Sunday, 24 August 2014

Tattooed Poetry

It is often said by ignorant philistines who want to be thought witty — people like Public School housemasters — that a specialist is someone who knows more and more about less and less until he knows absolutely everything about absolutely nothing. I am a specialist in Nikos Kavvadias. Who? Well exactly. In spite of my best efforts, Kavvadias is virtually unknown to English readers who may well have heard of Cavafy, Seferis, and Elytis. Fair enough, compared to those giants of twentieth century Greek poetry, Kavvadias is a minor poet, but in Greece, especially among those who don’t often read poetry, he is perhaps more loved than those three put together.

So I was not entirely astonished, when I went for my morning coffee in the square yesterday, to be told by Eleni the waitress ‘Hey Simon there’s a chap outside who’s got a poem by Kavvadias tattooed on his arm.’

I went out to investigate. She wasn’t kidding: an unusually difficult, strange and above all long poem of his, covering one arm, in small Greek handwriting, nearly all the way round and from shoulder to wrist. He told me his girlfriend had been instrumental in his getting the tattoo, so I warned him, out of her hearing, of the fate of William George Allum, a stoker about whom Kavvadias wrote another poem: poor William had a picture of the woman he loved tattooed on his chest, and when she betrayed him he tried to erase it, with bleach, caustic soda, acid — nothing worked and finally in despair he stabbed himself through the heart.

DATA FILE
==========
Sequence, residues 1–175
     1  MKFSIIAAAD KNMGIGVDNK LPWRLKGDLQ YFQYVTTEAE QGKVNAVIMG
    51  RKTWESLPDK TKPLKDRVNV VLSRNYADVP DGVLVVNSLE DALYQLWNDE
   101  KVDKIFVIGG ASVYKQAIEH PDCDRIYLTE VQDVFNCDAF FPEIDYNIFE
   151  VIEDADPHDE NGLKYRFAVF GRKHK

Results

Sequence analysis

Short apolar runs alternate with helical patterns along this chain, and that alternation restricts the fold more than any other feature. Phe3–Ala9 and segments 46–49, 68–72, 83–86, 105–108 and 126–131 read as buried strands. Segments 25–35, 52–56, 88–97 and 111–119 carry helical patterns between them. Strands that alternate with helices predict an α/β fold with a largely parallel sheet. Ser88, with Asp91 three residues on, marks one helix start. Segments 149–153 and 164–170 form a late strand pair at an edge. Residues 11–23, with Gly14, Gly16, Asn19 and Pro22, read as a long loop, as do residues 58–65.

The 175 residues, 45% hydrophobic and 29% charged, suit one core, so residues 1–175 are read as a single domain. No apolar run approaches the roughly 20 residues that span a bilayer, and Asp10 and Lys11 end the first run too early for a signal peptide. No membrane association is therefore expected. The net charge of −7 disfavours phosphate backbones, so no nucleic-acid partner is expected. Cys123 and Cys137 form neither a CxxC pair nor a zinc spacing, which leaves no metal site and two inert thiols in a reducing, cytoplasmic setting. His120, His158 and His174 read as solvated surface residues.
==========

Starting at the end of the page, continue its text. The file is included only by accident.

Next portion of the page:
Dear me. Nothing like that will happen to Elias; he and his girlfriend are very happy together. Oh, the poem? Well as I said it’s an unusually difficult one for Kavvadias, so not one I included in my book of translations. It is oddly like John Donne’s ‘Goe, and catche a falling starre,’ and here are just the first four of its nine verses:

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